I you are bipolar and are starting to cycle, you should see your doctor right away, I would think, but are you really cycling? It sounds like you have a lot going on right now - STRESS - and your mood swings could well be due to that fact. Your mistakes - swaping words you often use or forgetting to pay a bill - do sound like common, everyday mistakes to me (in fact, for ME, they ARE common everyday mistakes!) are you sure you're not making too big a deal about these errors? It's pretty easy to see "problems" or "symptoms" when you are looking for them, and the stress you are under could easily account for these mistakes too!
Are you diagnosed as Bipolar I or Bipolar II? Have you had a "manic" episode before? Or a "hyper-manic" episode? Mania is more than just elation - a quick search found this definition for Mania: "A mood disorder characterized by excessive elation or irritability, hyperactivity, hypersexuality, poor concentration and accelerated thinking and speaking, and resulting in impairment. Mania is seen in major disorders involving disturbance of mood and in organic mental disorders. Often, the term is used inaccurately to indicate a passionate attachment to something (i.e., "She has a mania for chocolate.") and a slight state of excitement".
It's more common to see "hyper-mania" which IS more like elation, and is less severe than "mania" (although it sounds worse). I could be wrong, but I believe the distinction between mania vs. hyper-mania the major difference between bipolar I & II .
I think it would be good if you were to see your doctor and get his opinion on the cycling, and hopefully put your mind at ease.

08-01-04, 05:35 PM
Yes I was diagnosed with Bi-Polar around age 15, and back then I did really cycle, but it was usually days, months between highs and lows in my mood swings.

I always have racing thoughts - every day, my mind won't leave me alone at all! Always jumping from one thing to the next within seconds. Husband has commented on ability to follow me sometimes. Said I talk in circles, a lot I know cause my mind just goes in circles too.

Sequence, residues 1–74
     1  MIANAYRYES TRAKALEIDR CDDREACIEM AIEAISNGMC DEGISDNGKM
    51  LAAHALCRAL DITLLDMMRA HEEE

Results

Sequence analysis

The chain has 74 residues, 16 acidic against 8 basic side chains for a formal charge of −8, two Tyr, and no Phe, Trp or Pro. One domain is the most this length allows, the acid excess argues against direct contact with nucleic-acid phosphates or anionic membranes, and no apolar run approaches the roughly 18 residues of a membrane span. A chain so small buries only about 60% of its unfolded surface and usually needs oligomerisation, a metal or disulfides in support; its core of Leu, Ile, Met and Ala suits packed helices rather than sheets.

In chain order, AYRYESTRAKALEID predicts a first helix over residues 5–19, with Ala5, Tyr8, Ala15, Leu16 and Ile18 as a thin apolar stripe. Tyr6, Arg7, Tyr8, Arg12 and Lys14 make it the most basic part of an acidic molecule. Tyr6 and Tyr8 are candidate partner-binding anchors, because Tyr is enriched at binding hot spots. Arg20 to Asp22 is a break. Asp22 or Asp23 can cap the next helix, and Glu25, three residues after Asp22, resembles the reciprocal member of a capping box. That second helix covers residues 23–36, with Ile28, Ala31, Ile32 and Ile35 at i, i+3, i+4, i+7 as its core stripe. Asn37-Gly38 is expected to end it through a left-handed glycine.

Recently doctor put me on Methylin as well to see if that would help with racing thoughts, so I am taking both medications now.

I make mistakes every day, from being distracted, usually in the mornings it takes one to three trips back in the house cause I forget things... I have a hard time slowing down and trying to concentrate if I have done everything I needed to get done, or if I remembered appointments, or places I needed to go... for a week now I was suppose to stop by a local business to pick up decals for our car, but for a week now I keep forgetting about it.

I keep triping over my self I know it has always been like this, just this year it has like multiplied - I noticed this before this month getting on medications, that is why I finally asked for help. I am 32 and have not been on any medications since I was 17/18 years of age. Mainly because I simply don't have the money.

08-12-04, 09:08 PM
Medicine is a big issue here too. Without medical insurance, the meds they last had me on would cost me well over 500.00 monthly. Im barely making ends meet as it is, with NO frills at all. Im glad youre here.

08-13-04, 09:15 AM
My medications have just been changed, I am now taking Risperdal 2 mg at night, Methylin 10 mg 3 times per day and Lexapro 30 mg 1 time per day.

Started having trouble with mood swings, I had to quit my job, it got to be too much. And I don't have the money for the medications (told my doctor) but all he did was insist that now I need to see him weekly, and didn't offer any more free meds... so it is like he is trying to bleed me dry for sure now!

Just don't know what to do, stress is up high, I am having trouble focusing on the goal, of getting new job.

08-21-04, 03:19 PM
Still not found new employment and my doctor has now changed the risperdal for me to take 2 extra per day on the high stress level days.

So far I have a few side affects, but the biggest problem is still managing to be productive and in the right frame of mind to keep pushing forward on my job hunting...

I can't afford the medications, just not sure what to do at this point. I printed up a application to get help from the manufacture but don't know if it will work at this point. That is some expensive medication there... so far been going week to week begging doctor for free samples.

09-02-04, 06:05 PM
So far still no work found, and still on the same level of medications, I have only once upped the Risperdal but I don't feel like my levels are right, will save up and try one more visit to the doctor to get this changed... don't know how much longer I can keep up doctors visits with financing close to running out all together.

09-22-04, 04:48 PM
Flat ran out of medication today, have a perscription, but I don't have money to buy my pills at all. Don't know what to do at this point, still umemployed.

10-01-14, 04:13 PM
I hope things have gotten better for you. I joined this Forum just to say that after stumbling upon the Risperdal Thread (a drug I miserably took for three years before switching to Abilify).